However, the original design goals didn't actually target on 'faster than the old' for single projects, only but for multiple projects (since it's a per-workspace index, rather than a per-project index). So, in fairness, it guess it should be tested on multiple projects at once. See: https://drive.google.com/open?id=1w3-ufZyISbqH8jxYv689Exjm0haAGufdcSvEAgl2HQ4

The current index has been tuned over many years, and replacing it with something slower seems odd. FWIW, I see a bigger problem in the lack of committer commitment to tune and extend the new index.
(And there's a size issue for multiple workspaces as well, I guess?)

-Jesper

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Re: Performance Of New JDT Indexer

Manoj Palat-2
In reply to this post by Roland Grunberg

Hi,
Your best bet is to contact the author Stefan for specific queries on the new indexer.
Rest of the JDT Core committers were tied up with the latest Java release.

Note: if someone is interested to get the new indexer (helpwanted category) up and integrate, it would be good.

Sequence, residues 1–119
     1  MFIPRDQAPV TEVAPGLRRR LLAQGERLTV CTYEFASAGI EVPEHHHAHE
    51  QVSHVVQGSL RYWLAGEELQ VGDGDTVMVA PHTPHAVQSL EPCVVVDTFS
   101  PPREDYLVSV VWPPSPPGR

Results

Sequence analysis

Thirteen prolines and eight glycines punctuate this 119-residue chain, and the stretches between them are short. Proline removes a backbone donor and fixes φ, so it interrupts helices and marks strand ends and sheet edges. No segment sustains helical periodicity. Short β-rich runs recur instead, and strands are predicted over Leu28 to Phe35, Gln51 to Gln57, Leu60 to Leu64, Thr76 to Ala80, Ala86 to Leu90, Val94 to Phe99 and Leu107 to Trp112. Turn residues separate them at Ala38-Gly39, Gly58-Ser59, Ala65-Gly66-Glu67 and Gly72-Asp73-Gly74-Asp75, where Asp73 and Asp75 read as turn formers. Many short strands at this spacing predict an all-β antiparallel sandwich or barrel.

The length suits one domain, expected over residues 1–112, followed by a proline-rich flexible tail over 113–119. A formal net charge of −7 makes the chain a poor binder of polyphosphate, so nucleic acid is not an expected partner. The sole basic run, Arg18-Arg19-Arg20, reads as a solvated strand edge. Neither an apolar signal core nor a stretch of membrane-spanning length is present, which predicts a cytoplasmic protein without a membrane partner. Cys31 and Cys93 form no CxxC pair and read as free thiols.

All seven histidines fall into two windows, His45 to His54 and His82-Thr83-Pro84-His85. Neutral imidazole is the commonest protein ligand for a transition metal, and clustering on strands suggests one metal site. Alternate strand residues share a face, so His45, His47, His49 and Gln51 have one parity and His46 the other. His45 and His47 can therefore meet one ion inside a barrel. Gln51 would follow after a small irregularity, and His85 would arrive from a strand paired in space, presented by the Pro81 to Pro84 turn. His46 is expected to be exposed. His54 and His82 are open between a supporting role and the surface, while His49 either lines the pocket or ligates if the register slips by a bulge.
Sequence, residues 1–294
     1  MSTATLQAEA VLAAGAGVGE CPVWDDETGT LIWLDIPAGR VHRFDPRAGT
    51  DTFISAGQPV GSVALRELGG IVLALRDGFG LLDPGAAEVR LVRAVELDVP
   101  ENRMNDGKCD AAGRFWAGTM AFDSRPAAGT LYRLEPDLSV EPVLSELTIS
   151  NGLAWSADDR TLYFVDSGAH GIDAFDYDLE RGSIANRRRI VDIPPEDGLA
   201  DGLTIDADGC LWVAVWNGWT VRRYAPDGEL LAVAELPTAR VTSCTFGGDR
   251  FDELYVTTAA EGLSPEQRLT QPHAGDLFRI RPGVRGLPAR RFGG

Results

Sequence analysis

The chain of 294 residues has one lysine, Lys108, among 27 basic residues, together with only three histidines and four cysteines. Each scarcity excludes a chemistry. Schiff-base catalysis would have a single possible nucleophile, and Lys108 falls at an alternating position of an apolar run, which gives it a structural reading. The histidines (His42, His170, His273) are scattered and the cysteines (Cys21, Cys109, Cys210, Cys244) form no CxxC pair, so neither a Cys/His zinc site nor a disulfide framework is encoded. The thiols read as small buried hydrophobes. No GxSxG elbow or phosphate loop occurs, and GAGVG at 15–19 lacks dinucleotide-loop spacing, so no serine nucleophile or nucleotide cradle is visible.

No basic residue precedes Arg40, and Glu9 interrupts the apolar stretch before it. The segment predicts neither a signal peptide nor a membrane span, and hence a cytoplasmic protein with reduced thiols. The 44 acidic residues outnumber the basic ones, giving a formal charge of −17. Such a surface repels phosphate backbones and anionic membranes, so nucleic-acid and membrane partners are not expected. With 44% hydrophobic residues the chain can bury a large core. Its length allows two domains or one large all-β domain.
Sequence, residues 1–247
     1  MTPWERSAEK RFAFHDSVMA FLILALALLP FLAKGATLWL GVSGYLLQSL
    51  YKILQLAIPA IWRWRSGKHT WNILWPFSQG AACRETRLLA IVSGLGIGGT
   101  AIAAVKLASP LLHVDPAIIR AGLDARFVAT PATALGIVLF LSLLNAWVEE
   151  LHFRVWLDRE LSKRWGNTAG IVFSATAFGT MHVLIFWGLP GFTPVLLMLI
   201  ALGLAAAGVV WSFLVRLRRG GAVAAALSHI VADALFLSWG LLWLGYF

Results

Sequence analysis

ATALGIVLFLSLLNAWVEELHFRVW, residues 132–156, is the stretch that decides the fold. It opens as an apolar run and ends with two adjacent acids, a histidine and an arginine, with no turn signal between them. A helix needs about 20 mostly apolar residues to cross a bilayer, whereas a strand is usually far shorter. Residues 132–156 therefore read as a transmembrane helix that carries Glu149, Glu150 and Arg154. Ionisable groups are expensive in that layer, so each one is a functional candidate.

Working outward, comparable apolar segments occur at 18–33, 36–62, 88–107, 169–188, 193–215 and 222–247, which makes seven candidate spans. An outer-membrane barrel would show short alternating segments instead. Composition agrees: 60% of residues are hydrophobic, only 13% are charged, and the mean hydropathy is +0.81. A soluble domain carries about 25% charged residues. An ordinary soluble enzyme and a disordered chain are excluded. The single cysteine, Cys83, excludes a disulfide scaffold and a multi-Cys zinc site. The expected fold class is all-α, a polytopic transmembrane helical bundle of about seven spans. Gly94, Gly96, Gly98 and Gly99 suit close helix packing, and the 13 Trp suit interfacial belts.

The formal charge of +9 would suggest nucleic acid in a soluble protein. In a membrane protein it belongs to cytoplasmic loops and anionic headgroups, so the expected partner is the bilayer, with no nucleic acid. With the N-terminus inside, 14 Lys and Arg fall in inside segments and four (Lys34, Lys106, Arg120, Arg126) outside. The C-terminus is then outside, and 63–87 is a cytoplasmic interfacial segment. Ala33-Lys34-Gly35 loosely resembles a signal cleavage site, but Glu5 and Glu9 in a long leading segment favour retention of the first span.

Regards,
Manoj

Inactive hide details for Jesper Steen Møller ---11/25/2017 09:24:27 PM---Hello, > On 24 Nov 2017, at 21.19, Roland Grunberg <rJesper Steen Møller ---11/25/2017 09:24:27 PM---Hello, > On 24 Nov 2017, at 21.19, Roland Grunberg <[hidden email]> wrote:

From: Jesper Steen Møller <[hidden email]>
To: "Eclipse JDT Core developers list." <[hidden email]>
Date: 11/25/2017 09:24 PM
Subject: Re: [jdt-core-dev] Performance Of New JDT Indexer
Sent by: [hidden email]





Hello,

> On 24 Nov 2017, at 21.19, Roland Grunberg <[hidden email]> wrote:
>
> I've been playing around with the new JDT indexer and can see it performing a bit better than the older one with some manual tests (through UI). However I'm having difficulty coming up with some basic examples purely through jdt.core API showing it outperform the old indexer. My example is a test that extends
> AbstractJavaModelTests for utility methods and is similar to TypeHierarchyTests.
> They create a single project and attach jar files to the project classpath.

Your test case sounds very reasonable, since it resembles (actually is) a real world scenario.
It's a bit disappointing that the new index is slower than the old, and when I tried your test, I also noticed that the indexing doesn't even saturate a single thread:
real 5m26.159s
user 4m55.806s
sys 0m13.217s
(This was for a project of 794 jar files, just running the two newIndex tests). I wonder what the CPU is waiting for. I would have imagined that better use of the CPU can speed up the index-building significantly, such as parallel reading of JAR files.
The I/O was not a bottleneck either, but I must add that I haven't dug into the code to find out why it's so slow.